• Online job boards: Popular sites like Indeed, Glassdoor, Monster, and FlexJobs make it easy for job seekers to search for summer positions. You can filter your search by location, job type (part-time, seasonal), and keywords related to your interests. 
  • Company websites: Many companies advertise open positions directly on their websites. Look for a "Careers" or "Jobs" section (sometimes nested in the “About Us” page) and browse for seasonal or summer openings. 
  • College career centers: If you're a student, don’t forget to utilize campus resources. Career centers can connect you with internship and employment opportunities, fine-tune your resume, and help you hone those interview skills. 
  • Networking: Don't underestimate the power of your network! Talk to friends, family, and former teachers to see if they know of any part-time summer jobs. You might be surprised by the hidden connections you discover. 
  • Temp agencies: Staffing agencies often connect businesses with temporary workers to fill seasonal or contract positions. Registering with a temp agency can open doors to well-paying industries like healthcare, manufacturing, administrative, and logistics. 

Set clear expectations 

Once you start interviewing for summer job opportunities, be upfront about your scheduling expectations from the get-go. Clearly communicate your availability, including: 

  • Your preferred shift.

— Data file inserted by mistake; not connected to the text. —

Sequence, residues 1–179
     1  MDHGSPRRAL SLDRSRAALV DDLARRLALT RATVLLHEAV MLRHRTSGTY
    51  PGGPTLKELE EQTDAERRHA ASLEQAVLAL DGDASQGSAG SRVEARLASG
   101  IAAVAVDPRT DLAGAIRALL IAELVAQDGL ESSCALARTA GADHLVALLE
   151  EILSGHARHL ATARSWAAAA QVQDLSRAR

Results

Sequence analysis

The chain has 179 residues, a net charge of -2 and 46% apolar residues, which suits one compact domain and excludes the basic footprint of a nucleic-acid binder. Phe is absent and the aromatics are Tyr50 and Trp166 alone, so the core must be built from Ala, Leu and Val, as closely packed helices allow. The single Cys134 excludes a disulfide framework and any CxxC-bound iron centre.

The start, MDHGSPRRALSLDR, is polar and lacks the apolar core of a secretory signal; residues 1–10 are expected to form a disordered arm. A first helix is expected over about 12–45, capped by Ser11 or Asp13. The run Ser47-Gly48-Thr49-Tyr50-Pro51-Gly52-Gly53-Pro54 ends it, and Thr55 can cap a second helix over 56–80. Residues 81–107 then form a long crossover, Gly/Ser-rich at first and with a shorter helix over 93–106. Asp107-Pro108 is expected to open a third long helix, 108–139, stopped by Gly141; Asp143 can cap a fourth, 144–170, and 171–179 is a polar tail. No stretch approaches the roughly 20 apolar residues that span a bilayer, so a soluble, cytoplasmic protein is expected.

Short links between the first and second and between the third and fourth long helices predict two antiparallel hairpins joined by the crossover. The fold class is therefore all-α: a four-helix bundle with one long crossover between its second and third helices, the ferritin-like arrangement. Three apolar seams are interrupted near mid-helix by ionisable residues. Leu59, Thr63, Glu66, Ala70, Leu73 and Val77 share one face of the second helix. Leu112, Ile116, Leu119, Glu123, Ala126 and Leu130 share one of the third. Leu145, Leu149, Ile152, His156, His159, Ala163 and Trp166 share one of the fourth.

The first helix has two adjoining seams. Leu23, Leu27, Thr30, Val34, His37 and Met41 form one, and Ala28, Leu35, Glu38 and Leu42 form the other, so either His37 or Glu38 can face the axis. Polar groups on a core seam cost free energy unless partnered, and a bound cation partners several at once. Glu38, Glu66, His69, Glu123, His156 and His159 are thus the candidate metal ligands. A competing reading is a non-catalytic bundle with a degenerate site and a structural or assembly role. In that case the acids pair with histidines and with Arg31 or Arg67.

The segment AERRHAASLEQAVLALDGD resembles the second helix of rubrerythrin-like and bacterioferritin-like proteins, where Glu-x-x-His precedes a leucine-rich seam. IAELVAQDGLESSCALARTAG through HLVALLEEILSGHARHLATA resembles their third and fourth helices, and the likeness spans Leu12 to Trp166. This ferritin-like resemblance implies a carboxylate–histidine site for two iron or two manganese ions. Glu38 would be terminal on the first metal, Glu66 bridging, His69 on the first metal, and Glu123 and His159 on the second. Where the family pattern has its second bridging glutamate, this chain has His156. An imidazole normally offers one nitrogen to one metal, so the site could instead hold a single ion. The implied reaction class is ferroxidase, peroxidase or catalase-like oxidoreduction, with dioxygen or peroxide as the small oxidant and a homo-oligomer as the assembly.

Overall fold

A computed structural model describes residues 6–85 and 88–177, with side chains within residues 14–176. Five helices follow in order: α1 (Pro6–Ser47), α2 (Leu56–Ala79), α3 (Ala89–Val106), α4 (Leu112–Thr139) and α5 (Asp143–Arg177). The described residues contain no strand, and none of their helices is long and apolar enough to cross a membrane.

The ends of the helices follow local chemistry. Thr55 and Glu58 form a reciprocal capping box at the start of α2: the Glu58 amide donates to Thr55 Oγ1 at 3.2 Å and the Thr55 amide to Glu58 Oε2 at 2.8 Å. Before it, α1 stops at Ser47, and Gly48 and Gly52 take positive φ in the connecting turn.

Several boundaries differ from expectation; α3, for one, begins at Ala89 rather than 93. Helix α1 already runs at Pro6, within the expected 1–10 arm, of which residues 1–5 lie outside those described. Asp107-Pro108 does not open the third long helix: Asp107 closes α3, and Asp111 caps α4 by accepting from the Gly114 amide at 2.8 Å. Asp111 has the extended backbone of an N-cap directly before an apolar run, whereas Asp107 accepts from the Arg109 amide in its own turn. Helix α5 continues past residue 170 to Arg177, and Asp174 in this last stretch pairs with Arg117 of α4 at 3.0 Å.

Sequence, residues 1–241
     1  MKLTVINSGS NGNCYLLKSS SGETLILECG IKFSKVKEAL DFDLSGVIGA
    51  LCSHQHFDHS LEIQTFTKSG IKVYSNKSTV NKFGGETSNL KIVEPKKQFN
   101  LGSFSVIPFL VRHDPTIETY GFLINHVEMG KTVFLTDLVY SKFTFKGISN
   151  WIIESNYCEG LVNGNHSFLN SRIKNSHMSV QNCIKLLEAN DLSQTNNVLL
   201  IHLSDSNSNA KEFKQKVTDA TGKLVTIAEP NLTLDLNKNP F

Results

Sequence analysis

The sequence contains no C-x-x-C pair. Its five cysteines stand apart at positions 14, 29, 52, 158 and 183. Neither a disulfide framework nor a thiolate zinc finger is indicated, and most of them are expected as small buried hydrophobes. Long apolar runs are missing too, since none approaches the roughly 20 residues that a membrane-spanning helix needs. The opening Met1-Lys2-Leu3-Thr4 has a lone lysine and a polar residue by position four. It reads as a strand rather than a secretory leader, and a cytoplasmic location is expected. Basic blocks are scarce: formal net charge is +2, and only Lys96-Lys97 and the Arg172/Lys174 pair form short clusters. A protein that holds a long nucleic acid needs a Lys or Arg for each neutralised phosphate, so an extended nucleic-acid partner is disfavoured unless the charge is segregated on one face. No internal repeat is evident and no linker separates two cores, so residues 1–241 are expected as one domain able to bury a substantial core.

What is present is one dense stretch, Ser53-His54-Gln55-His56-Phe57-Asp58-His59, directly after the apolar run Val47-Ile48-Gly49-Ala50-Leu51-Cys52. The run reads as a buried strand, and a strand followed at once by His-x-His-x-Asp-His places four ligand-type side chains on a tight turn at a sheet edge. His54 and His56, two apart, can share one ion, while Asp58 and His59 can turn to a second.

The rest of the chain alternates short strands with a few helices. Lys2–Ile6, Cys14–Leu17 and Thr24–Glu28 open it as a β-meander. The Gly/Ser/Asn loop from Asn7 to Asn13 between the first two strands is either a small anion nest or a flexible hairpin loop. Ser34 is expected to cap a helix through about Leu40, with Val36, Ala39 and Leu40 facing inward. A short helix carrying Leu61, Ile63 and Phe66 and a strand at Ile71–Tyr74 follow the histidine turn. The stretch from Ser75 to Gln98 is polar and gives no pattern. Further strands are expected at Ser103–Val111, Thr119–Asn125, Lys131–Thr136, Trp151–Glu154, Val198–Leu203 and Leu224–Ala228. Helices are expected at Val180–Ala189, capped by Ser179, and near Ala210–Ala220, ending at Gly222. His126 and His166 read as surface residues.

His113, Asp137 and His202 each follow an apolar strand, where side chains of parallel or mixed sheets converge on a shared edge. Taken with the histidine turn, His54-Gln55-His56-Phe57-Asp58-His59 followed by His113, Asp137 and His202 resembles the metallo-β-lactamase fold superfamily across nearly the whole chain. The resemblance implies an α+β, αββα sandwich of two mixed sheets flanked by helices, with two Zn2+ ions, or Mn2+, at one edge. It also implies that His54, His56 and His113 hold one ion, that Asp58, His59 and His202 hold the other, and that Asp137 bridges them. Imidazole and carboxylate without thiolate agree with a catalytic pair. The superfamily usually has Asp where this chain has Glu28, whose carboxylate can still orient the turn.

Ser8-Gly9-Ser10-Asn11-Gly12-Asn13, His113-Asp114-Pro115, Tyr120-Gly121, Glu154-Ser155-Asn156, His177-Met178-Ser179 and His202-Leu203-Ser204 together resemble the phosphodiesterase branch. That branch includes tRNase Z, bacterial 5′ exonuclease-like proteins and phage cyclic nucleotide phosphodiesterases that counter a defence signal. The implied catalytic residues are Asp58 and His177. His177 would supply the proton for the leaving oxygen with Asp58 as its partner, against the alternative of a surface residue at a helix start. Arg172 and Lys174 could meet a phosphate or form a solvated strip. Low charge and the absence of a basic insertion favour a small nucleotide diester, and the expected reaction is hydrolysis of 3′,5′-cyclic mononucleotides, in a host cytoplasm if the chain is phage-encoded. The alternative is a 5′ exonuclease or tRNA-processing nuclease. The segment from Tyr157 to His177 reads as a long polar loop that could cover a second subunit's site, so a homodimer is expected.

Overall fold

• The number of hours you’re available to work per week. 
  • Existing commitments, such as school or another job. 
  • Any planned vacations
  • Whether you’re flexible to work evenings, weekends, or special events. 

Before accepting a job, make sure you have a clear picture of your expected work hours and the company’s scheduling practices to ensure the role aligns with your needs. 

Don’t give up 

There are a lot of people looking for a summer job, so expect competition. Since finding the right fit can take time, it's wise to start applying early and often. 

Timing can be tricky when you’re finishing up a semester or seasonal contract, but employers are generally understanding of these scheduling conflicts. If you’re hired before summer break starts, they might be willing to let you work a limited number of hours per week until you’re free to take on more. 

At the end of the day, don't feel discouraged if don't hear back from a job application. Follow up with a polite and professional email expressing your continued interest in the position.

Make this summer count! 

Remember, a summer job opportunity can be so much more than a string of paydays that help fill your wallet. It's a chance to build your resume, develop new skills, and gain valuable experience that can benefit you for years to come. 

Want to make your summer earnings stretch further? Explore our latest blog posts for helpful budgeting resources, money-saving tips, and DIY hacks.

About the Author

Jennifer McKnight is the Senior Content Writer at Advance America. Drawing on her past financial struggles, she’s driven to create relatable content that empowers readers on their journey to financial stability.